Our lab studies why we remember certain parts of our experiences, how stress and affect influence these memories, and how what we remember guides our behavior. Our interdisciplinary research integrates the cognitive neuroscience of memory with translational stress neurobiology. We leverage techniques including novel behavioral tasks, neuroendocrine assays, psychophysiology, advanced functional neuroimaging (fMRI), machine learning, computational modeling, clinical populations, and real-world behavioral monitoring to understand these processes in everyday life and neuropsychiatric disorders.
What are “multiple memory systems”?
Our experiences can be remembered in different ways, involving distinct computations and underlying brain circuits. For example, after a birthday party, you may integrate across the different parts of that experience (who was there, where you were, how you felt) into a holistic episodic memory; you may remember an individual cue and its outcome (like the taste of the cake) as a conditioned association; or, if you go to that restaurant often, you may form a rigid, automatic memory (like getting to the restaurant on autopilot) as a stimulus-response association. These memories can compete or cooperate to create the lasting representation that we have of this experience. We want to understand the mechanisms by which these and other types of memories are formed, the consequences of forming these memories, and the factors that determine how we remember our lives.
Sherman, B.E., Turk-Browne, N.T. & Goldfarb, E.V. (2023). Multiple Memory Subsystems: Reconsidering Memory in the Mind and Brain. Perspect Psychol Sci, Online ahead of print.
Goldfarb, E.V., Blow, T., Dunsmoor, J.E. & Phelps, E.A. (2021). Elemental and configural threat learning bias extinction generalization. Neurobiol Learn Mem, 180, 107405.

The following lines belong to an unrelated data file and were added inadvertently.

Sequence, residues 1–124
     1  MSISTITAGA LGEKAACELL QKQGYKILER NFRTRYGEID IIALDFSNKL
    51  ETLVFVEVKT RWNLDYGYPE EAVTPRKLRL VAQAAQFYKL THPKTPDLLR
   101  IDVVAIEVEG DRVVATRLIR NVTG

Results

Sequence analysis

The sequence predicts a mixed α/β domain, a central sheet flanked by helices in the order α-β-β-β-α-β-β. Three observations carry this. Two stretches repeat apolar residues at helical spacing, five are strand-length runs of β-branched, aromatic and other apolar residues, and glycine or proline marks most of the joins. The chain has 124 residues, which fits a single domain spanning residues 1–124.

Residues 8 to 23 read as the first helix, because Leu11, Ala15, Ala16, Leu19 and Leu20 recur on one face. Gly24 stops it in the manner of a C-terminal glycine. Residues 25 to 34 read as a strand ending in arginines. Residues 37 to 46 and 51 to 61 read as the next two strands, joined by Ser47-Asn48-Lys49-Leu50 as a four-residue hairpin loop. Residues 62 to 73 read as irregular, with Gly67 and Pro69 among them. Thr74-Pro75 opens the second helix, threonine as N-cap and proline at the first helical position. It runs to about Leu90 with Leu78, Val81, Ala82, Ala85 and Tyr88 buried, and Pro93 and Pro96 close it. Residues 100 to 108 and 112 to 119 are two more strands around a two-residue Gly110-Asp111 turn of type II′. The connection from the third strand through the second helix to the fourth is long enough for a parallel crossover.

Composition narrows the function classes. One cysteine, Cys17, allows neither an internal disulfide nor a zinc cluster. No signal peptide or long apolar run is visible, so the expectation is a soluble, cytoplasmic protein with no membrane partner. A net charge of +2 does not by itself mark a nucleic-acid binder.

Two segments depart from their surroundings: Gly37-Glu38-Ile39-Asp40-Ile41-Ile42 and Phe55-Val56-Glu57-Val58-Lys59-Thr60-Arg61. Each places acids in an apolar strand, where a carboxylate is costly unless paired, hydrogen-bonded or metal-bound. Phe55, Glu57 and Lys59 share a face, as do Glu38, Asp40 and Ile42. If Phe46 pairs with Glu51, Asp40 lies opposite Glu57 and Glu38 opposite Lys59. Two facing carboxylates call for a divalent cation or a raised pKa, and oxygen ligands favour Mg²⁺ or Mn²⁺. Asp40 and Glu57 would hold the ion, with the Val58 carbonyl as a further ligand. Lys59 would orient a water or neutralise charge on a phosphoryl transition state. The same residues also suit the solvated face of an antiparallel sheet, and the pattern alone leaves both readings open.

Goldfarb, E.V., Chun, M.M., & Phelps, E.A. (2016). Memory guided attention: Independent contributions of the hippocampus and striatum. Neuron, 89(2), 317-324.
How does stress transform our memories?
Although stress is known to change what we remember, these effects are complex and often contradictory. We want to understand how stress acts across memory systems: under what conditions does stress promote one type of memory over another? How does stress change the computations and mechanisms that give rise to these memories? When can stress, a fundamentally adaptive response, actually enhance our memories? This work integrates discoveries of behavioral and cellular mechanisms of stress effects in nonhuman animals with human research on memory mechanisms in the brain. We also flip this question to ask how memory circuits inform our responses to stressful experiences.
Sherman, B.E., Harris, B.B., Turk-Browne, N.B., Sinha, R. & Goldfarb. E.V. (2023). Hippocampal mechanisms support cortisol-induced memory enhancements. bioRxiv.
Goldfarb, E.V., Rosenberg, M.D., Seo, D., Constable, R.T. & Sinha, R. (2020). Hippocampal seed connectome-based modeling predicts the feeling of stress. Nat Commun, 11, 2650.
Goldfarb, E.V., Tompary, A., Davachi, L., & Phelps, E.A. (2019). Acute stress throughout the memory cycle: Diverging effects on associative and item memory. J Exp Psychol: Gen, 148(1), 13-29.
Applying the cognitive neuroscience of memory to understanding substance use
Memory plays a key role in substance use: people cannot relapse in a place where they used to use, or with individuals with whom they used previously, if they have no memory of having used before. Yet which types of memories are driving later use, and whether substance-related experiences are remembered in a fundamentally different way by individuals who engage in problematic substance use, is not clear. By taking approaches from cognitive neuroscience of novel task design and innovative analyses of behavioral and brain data, we are addressing this gap, ultimately helping inform memory-related treatments for these conditions.
Kang. S., Larrabee, G., Nair, S. & Goldfarb, E.V. (2023). Perceptual generalization of alcohol-related value characterizes risky drinkers. Psych Science, in press.
Goldfarb, E.V., Fogelman, N. & Sinha, R. (2020). Memory biases in alcohol use disorder: Enhanced memory for contexts associated with alcohol prospectively predicts alcohol use outcomes. Neuropsychopharmacology, 45, 1297-1305.
Goldfarb, E.V. & Sinha, R. (2018). Drug-induced glucocorticoids and memory for substance use. Trends Neurosci, 41(11), 853-868.